At the last session at SMX Advanced Seattle (which has been a blast despite the crummy weather), some of the best and brightest (and oldest) in SEO got together to answer all things SEO-related from the audience, with Search Engine Land’s Danny Sullivan moderating this panel of outspoken SEO all-stars:

Alex Bennert, In House SEO, Wall Street Journal (@seosylph(Q&A Speaker)
Greg Boser, SVP of Search Services, BlueGlass Interactive, Inc. (@GregBoser(Q&A Speaker)
Bruce Clay, President, Bruce Clay, Inc. (@bruceclayinc(Q&A Speaker)
Vanessa Fox, Contributing Editor, Search Engine Land (@vanessafox(Q&A Speaker)
Todd Friesen, SVP, SearchFanatics (@oilman(Q&A Speaker)
Rae Hoffman-Dolan, CEO, PushFire (@sugarrae)

Happily one of the first questions they answered was from yours truly: “What are your thoughts on a paid google shopping, and what it says about future of paid google?”

Sullivan started off by explaining that Yahoo results were once paid inclusion only, where a site owner paid Yahoo and submitted their sites’ details such as titles and descriptions, and would be able to list on Yahoo for relevant searches.

That was when Google stepped in and basically said, “no no, that’s not the way to do it. We created an incredibly advanced system to index and algorithmize the web that’ll give the best results possible, without the help of the site owners which would cause a conflict of interest. Our system will return the best, most relevant listings that the user wants and we won’t have to take a penny from anyone.”

However fast forward to today, and many Google products, such as credit card offers, hotel, and flight searches are now paid inclusion, meaning in order to be listed you have to pay Google, and Google is now relying on users to pay and submit their information to them. In short, these products are a complete 180 from Google’s original search philosophy.

And with the switch to paid Google Shopping, Sullivan said he’d never seen anything like it before, where you take a product that was once completely free to list on, and suddenly reverse the course where now you can’t list anymore unless you pay Google.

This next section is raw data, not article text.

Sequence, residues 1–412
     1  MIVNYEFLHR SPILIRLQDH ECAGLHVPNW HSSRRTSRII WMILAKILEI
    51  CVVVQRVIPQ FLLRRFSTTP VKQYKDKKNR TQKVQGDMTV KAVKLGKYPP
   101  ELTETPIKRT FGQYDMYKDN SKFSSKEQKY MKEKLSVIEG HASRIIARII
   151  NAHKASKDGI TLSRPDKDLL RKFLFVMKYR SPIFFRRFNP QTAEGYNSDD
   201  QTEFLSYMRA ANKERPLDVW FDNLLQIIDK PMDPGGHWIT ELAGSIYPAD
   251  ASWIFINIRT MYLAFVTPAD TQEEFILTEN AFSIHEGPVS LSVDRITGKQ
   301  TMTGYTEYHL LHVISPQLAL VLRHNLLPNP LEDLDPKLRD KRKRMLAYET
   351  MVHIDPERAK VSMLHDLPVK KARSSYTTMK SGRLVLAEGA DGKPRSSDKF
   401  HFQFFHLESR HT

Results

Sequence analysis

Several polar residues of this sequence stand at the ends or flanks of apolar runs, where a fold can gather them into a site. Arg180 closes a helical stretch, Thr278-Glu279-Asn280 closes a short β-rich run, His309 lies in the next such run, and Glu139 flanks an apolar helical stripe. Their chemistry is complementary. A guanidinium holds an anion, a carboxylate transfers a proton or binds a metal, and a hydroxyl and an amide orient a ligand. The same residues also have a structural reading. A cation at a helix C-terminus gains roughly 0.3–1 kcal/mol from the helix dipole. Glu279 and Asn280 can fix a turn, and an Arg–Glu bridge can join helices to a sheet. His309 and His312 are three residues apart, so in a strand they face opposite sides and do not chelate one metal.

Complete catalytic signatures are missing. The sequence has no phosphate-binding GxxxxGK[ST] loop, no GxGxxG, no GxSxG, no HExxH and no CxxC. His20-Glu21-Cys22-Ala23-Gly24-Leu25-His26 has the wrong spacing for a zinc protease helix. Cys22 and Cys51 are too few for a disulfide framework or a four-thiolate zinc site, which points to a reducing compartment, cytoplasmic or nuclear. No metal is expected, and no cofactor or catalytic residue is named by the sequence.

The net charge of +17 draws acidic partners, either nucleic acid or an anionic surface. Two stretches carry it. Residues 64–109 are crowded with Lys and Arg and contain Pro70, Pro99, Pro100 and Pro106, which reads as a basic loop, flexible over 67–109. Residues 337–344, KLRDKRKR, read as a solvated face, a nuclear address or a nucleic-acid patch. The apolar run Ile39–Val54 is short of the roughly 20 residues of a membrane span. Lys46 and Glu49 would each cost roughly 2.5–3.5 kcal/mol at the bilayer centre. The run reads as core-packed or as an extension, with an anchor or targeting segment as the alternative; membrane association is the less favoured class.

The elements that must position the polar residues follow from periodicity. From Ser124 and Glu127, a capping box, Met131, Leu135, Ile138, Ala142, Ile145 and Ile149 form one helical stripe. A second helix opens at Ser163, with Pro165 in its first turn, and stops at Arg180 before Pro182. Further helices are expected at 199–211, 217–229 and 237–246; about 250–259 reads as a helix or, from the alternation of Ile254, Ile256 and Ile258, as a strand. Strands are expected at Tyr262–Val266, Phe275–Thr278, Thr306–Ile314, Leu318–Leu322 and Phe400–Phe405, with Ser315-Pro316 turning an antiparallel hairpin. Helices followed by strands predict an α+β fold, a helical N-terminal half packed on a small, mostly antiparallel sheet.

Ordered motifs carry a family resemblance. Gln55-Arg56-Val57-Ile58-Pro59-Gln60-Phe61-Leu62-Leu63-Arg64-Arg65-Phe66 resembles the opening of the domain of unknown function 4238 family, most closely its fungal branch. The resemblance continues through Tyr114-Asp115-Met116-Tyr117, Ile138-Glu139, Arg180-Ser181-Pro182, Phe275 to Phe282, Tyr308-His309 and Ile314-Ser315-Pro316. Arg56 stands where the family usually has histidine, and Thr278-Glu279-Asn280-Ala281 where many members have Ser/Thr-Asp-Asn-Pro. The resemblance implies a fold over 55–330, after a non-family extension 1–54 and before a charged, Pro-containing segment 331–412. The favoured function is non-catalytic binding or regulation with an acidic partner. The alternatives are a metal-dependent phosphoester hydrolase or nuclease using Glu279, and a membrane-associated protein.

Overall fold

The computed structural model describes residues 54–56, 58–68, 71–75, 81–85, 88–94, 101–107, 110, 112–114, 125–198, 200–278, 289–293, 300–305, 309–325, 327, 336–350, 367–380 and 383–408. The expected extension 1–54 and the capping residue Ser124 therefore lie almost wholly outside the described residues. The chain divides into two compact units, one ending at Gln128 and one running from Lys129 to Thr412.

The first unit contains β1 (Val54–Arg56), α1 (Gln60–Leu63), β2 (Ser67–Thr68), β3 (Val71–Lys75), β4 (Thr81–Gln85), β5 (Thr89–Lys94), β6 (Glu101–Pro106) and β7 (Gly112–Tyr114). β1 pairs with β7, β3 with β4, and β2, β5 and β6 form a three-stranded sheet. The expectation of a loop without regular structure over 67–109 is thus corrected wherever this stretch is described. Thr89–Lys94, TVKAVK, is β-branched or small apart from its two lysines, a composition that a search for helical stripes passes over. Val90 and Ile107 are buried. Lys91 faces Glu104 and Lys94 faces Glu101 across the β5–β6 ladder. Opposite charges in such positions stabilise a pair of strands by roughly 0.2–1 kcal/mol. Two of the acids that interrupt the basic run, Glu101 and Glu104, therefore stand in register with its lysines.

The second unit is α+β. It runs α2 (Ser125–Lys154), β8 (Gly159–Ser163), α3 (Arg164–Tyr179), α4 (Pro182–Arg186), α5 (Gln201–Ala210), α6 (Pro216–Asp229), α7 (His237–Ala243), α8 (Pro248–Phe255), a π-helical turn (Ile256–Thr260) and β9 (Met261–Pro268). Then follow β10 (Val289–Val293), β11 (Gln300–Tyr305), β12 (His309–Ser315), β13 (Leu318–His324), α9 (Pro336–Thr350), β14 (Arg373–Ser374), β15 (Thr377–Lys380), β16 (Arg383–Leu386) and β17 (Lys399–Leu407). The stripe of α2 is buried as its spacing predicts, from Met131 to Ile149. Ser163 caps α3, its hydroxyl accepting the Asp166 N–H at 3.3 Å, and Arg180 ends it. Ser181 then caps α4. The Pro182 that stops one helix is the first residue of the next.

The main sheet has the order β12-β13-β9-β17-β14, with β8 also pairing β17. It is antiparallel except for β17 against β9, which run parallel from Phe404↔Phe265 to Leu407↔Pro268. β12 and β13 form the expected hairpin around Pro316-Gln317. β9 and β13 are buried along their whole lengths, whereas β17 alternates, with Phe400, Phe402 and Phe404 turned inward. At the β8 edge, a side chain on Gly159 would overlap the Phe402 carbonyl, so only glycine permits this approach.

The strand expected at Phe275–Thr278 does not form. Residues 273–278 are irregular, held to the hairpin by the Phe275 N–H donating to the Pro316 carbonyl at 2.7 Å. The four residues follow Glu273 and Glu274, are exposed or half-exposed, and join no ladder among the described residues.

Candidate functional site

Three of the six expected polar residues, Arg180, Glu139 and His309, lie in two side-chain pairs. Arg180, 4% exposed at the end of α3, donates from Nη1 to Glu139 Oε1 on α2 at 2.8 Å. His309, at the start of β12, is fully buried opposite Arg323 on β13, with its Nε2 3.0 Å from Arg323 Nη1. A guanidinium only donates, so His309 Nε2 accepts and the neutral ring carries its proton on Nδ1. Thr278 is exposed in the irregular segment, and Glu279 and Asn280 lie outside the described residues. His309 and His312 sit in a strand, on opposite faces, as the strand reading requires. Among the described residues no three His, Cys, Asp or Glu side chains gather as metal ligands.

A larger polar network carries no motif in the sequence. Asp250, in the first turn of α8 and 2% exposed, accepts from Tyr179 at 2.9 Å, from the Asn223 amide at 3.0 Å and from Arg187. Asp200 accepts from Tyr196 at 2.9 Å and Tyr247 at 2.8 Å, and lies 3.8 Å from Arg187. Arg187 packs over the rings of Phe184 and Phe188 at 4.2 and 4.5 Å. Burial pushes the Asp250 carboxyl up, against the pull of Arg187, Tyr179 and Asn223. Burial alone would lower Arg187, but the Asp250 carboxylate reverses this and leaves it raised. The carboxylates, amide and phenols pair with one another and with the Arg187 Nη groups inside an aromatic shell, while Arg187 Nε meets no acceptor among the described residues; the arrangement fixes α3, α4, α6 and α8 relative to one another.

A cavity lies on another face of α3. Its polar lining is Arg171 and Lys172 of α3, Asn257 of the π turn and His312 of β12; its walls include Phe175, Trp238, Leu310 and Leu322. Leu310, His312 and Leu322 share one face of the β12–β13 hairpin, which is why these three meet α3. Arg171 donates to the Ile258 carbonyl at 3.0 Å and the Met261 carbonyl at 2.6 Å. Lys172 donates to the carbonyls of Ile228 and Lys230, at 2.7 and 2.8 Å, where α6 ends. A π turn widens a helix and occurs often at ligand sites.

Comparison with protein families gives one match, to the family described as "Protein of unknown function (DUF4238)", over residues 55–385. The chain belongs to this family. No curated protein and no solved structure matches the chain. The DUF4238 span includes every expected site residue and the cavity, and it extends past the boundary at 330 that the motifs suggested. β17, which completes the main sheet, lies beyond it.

Below are other panelists’ opinions on the matter–with some of the main points bolded.

Todd Friesen: “I think it will make it so only the biggest brands with the biggest budgets will show up on Google’s main SERP for shopping results. For example if there’s only 5 available spots, the only sites that are going to be able afford them are the 5 biggest brands in that vertical.

Greg Boser: “Eventually Google’s spam filter will no longer be completely automatic and algorithmic, but may be determined simply if you can pay Google to convince them that you’re not a spammer.”

Rae Hoffman-Dolan: “Google’s just like a drug dealer, they give away samples to everyone, then when you become addicted and dependent on it–e.g. if 30% of your store’s revenue comes from Google Shopping, you can’t lose out on that, and you’re essentially forced to pay Google or risk going out of business.

My biggest concern is that Google places will eventually become paid inclusion as well.

Bruce Clay: “Once upon a time all a Google SERP had was 10 results: 10 titles, 10 descriptions, 10 links.  All were “free” and Google got paid for none of it. They did not manipulate the results either, because the FTC doesn’t allow you to take “public” information and manipulate it for profit.

Then slowly it became 10 links + text ads+ images, then 10 links + text ads+ images + videos.

And now the organic listings are being reduced even further, and I’ve seen as low as 4 organic results on a SERP, and sometimes the first one won’t even be above the fold.

Google is shifting in a direction of returning results to users only if they’re sure that it’s of the highest quality, or only after a merchant has submitted (and paid them), which allows Google to technically do anything they want with the results without fear of FTC backlash.

Google is on a two-fold path: the purpose of Panda/Penguin was  to try to return only “quality” organic results, eliminating as many questionable results as possible.

Combine this with the idea that you have to pay to be on a prominent Google SERP, which in theory should increase the quality and accuracy of that data, the end result is that all listings on a Google SERP–paid and ‘free’–will give users nothing but the highest quality of results.

In the end Google is a public company and has an obligation to shareholders to try to make money, and I expect there to be a point where we only have 3 organic listings on a Google SERP.”

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